• Reduce time to hire. Tests or assignments take several days for candidates to complete and you should also factor in lost time from back-and-forth emails for clarifications. Conversely, a game takes only minutes to play and the results are sent automatically. Reduced time to hire is also an advantage of using games in the application phase – you screen candidates immediately in a fun way instead of shortlisting candidates and screening them later.

Great, but do games really work?

To determine whether gamification in recruiting works, let’s turn to companies who’ve already been seeing results. I recently spoke with David Szilagyi, Founder and CEO of benchmark.games, a company that creates games to help their customers hire better (full disclosure: Benchmark will be a Workable partner soon! Stay tuned for more details on our integration.) David explains what his company does:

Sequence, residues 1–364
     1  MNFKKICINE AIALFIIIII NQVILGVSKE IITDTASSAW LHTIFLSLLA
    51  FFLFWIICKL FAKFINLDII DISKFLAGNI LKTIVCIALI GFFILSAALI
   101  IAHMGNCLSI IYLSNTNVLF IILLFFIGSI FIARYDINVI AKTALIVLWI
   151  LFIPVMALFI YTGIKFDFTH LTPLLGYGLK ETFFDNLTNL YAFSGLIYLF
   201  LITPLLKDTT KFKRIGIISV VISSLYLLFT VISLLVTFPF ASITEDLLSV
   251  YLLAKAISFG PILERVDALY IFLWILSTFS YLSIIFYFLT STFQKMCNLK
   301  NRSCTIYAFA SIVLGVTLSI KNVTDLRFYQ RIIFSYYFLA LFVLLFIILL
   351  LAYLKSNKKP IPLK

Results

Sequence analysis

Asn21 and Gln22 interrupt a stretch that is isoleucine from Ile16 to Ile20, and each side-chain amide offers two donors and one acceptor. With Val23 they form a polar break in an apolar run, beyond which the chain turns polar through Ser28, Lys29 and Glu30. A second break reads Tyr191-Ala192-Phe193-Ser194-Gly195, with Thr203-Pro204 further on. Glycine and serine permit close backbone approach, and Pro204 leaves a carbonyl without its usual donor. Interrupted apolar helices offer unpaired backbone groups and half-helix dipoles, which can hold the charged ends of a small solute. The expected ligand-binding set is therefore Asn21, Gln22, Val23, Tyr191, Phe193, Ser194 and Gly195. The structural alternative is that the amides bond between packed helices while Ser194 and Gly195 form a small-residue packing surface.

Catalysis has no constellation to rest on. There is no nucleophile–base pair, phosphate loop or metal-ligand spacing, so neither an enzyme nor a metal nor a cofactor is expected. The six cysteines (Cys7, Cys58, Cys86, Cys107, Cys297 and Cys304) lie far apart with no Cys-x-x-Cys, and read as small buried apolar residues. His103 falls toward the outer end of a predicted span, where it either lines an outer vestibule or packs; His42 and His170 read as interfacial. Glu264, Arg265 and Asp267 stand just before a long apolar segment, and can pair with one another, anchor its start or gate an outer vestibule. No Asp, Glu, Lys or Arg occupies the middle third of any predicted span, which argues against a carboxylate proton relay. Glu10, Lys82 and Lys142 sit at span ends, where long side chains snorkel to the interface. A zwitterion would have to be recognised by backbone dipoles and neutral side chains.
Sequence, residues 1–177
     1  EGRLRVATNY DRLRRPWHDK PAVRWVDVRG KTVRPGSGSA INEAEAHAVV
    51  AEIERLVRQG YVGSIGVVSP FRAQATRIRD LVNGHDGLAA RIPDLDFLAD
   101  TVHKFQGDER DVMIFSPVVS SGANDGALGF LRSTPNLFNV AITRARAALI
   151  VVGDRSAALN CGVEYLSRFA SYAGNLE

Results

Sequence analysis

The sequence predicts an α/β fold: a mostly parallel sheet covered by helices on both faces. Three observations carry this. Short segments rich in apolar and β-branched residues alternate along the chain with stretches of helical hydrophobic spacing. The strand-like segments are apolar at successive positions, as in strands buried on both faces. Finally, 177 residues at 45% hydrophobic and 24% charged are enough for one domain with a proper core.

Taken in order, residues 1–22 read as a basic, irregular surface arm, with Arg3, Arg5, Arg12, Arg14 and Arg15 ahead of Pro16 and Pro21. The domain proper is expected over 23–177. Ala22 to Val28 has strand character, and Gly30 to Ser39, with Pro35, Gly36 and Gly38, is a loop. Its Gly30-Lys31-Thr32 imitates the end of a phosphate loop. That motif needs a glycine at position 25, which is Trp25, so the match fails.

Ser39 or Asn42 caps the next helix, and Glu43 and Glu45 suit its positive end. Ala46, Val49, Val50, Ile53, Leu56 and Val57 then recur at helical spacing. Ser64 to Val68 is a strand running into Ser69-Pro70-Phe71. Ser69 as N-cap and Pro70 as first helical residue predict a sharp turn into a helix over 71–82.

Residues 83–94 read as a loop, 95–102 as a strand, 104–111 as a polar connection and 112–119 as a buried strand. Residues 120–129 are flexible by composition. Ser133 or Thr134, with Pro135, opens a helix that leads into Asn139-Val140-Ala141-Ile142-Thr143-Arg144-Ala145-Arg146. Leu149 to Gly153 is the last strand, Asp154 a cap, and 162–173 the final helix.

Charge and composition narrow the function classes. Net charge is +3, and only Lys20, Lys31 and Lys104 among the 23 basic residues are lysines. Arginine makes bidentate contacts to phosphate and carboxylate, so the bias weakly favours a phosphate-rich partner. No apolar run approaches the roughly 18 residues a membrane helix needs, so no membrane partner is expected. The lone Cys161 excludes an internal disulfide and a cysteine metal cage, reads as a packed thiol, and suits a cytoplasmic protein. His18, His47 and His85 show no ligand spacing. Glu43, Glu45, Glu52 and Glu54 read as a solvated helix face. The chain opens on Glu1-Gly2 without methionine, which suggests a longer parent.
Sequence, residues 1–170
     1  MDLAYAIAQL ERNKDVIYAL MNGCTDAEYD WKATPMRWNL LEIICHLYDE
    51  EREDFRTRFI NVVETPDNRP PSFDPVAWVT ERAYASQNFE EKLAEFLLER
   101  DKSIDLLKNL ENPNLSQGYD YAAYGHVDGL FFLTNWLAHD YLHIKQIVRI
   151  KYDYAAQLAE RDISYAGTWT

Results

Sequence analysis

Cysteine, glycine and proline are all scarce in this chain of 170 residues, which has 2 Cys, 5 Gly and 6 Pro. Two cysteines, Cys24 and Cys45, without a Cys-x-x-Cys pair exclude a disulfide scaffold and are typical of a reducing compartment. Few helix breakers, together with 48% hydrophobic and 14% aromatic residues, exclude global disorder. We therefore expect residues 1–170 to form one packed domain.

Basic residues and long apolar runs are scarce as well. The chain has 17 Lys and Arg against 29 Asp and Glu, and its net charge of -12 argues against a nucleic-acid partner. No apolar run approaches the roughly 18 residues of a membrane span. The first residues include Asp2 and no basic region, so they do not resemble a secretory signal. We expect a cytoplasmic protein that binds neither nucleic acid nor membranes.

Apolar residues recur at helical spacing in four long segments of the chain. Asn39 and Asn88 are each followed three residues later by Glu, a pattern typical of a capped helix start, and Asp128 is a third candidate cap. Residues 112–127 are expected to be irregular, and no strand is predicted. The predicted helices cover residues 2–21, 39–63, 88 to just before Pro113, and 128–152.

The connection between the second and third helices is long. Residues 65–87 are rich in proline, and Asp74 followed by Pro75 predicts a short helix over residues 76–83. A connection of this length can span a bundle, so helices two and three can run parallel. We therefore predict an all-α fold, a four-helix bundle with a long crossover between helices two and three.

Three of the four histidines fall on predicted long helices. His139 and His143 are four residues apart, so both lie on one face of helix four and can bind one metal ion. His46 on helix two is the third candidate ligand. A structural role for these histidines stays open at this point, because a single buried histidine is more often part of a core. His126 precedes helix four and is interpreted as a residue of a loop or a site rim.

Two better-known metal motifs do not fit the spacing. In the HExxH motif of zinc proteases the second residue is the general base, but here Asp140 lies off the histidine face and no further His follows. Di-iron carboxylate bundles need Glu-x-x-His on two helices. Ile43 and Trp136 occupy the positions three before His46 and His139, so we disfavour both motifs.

Benchmark.games helps companies identify the best candidates for each position, automatically. We have built online games for behavioral pattern analysis that may be customized according to customers’ needs. We ask the company’s high performers to play the game. Then we use their game results to develop predictive models that reveal which candidates will be high performers. That way, hiring managers can quickly see a short list of candidates who matched the high performers’ results and are therefore more likely to become high performers themselves.

One of their biggest customers is Magyar Telekom in Hungary, a subsidiary of Deutsche Telekom (Deutsche Telekom is also the parent company of T-Mobile USA). Telekom used gamification to attract millennials (or candidates with limited work experience) for sales roles. These candidates usually don’t have much experience so their resumes couldn’t showcase their abilities. By removing resumes as a screening factor and adding games, Telekom evaluated candidates’ competencies such as goal orientation, endurance and problem-solving skills.